Management of Arena Aviation Capital today commented on recent activities of its team and market conditions during the first half of 2023.
Looking back at the first half of the year Arena reported plenty of portfolio management activities. Diederik Lindhout, Arena Aviation COO commented: “The trading market was subdued in the first half of this year and we closed on just 2 aircraft acquisitions so far, but we are excited to have done so on behalf of 2 new investor accounts based in Asia and the US” said Lindhout. “Moreover, we are pleased to have successfully extended leases for 12 aircraft and 2 engines - with 6 different lessees. We also placed and delivered one A320 to Avion Express on a long-term lease. During the same period, we sold 2 aircraft, 1 airframe and 3 engines – with another 4 aircraft contracted for sale this year.”
Approaching its 10th anniversary Arena’s management continues to invest in its team that will be 25 strong by the end of 2023, mostly divided between its headquarters in Amsterdam and Dublin. Earlier this year Arena reported the addition of Ivo Kirilov as new SVP Marketing, covering the ever increasingly important Asian market from Singapore.
The market for air travel has continued to recover strongly with air passenger traffic at near pre-COVID levels according to recent market analysis. Aircraft market values, which plunged during the COVID pandemic, have largely recovered with narrowbody aircraft market values increasing throughout 2023 in response to rising travel demand in domestic and regional markets and limited production rates for new aircraft.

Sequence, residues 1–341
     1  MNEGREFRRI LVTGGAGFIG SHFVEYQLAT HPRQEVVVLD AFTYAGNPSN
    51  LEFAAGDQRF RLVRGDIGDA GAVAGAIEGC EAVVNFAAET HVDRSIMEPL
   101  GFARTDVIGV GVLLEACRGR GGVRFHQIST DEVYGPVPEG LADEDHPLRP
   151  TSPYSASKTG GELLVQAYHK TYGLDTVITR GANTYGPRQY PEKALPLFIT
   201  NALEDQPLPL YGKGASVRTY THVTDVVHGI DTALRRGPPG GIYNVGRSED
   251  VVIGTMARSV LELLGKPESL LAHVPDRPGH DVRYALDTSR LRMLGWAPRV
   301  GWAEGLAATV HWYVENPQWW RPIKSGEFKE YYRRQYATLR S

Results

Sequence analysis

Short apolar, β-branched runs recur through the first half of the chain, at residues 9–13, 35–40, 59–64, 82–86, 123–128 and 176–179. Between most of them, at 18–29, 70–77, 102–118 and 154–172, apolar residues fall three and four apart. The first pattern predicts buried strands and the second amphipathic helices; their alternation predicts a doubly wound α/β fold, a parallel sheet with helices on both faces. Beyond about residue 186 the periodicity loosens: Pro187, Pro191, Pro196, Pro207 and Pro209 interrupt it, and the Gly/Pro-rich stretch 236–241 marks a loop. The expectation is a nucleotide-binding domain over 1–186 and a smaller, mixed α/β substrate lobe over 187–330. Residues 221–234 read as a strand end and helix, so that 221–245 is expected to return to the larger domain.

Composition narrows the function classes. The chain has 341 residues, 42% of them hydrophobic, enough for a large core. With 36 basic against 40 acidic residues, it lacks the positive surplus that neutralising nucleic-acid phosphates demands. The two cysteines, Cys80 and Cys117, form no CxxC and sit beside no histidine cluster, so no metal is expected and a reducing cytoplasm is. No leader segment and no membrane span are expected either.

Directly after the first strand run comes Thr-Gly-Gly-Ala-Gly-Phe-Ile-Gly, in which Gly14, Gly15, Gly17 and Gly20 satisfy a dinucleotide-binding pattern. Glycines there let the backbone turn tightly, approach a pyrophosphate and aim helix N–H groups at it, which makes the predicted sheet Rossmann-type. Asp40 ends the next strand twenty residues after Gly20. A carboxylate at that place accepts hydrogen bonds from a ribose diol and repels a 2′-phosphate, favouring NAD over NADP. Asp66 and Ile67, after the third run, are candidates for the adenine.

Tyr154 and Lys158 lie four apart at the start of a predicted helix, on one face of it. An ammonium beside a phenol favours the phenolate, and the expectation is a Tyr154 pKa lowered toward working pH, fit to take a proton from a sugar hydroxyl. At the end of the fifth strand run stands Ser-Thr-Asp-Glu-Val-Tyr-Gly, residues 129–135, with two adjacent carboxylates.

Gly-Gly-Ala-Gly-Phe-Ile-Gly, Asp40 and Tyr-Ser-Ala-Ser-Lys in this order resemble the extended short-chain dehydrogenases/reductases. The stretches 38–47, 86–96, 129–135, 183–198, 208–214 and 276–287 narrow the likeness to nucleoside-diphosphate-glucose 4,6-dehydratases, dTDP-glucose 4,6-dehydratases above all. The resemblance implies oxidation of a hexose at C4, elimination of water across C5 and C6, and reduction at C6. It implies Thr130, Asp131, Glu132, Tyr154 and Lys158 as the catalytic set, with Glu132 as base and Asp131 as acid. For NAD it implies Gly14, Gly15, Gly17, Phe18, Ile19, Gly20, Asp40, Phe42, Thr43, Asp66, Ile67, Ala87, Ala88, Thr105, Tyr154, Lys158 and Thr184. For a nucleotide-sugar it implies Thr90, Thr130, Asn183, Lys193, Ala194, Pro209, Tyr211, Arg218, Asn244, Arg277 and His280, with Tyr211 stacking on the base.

Erik Dahmen, Arena Chief Commercial Officer commenting on the relatively low trading activity in markets key to Arena´s investor clients: “We saw lower than expected sales figures for most lessors, partly due to delays in trading during 2022, which had a knock-on impact on the first half of 2023” Dahmen noted. “Also, airlines have reportedly been buying a lot of older aircraft from lessors, rather than extending leases, which further limits the potential supply of deal flow. But the most dominant factor was the sharp increase in cost of capital for buyers driving down pricing to where a sale would lead to book value issues for sellers”.
Looking forward expectations are more bullish. “The rest of 2023 should be more exciting for the mid-life aircraft space, with increased levels of trading and lease rates continuing to climb powered by a sustaining relative shortage of aircraft, new and old” Dahmen said. “Lessors will likely sell more aircraft to turnover their portfolio, fund new deliveries and repay debt. We will see a healthier and more colourful deal pipeline I´m sure”.
As always Arena is actively looking for and talking to new capital sources available for aircraft investments. These range from sovereign wealth funds investing in new-technology portfolios to private equity and credit fund investors in the mid-life and freighter space. “Different pockets of capital can be used for specific segments like new tech, mid-life widebodies, engines and freighters, as they all have different risk/return profiles which appeal to our different investor clients” said Patrick den Elzen, Arena CEO.
“We see signs of that industry “reset” that everyone has been talking about actually being upon us”, said den Elzen. “More sellers will sell or even exit the space going forward, offering more supply of deal flow at levels that accommodate higher financing costs, and at the same time buyers are increasingly confident pricing in higher release rates and longer term inflation supporting more aggressive residual value assumptions”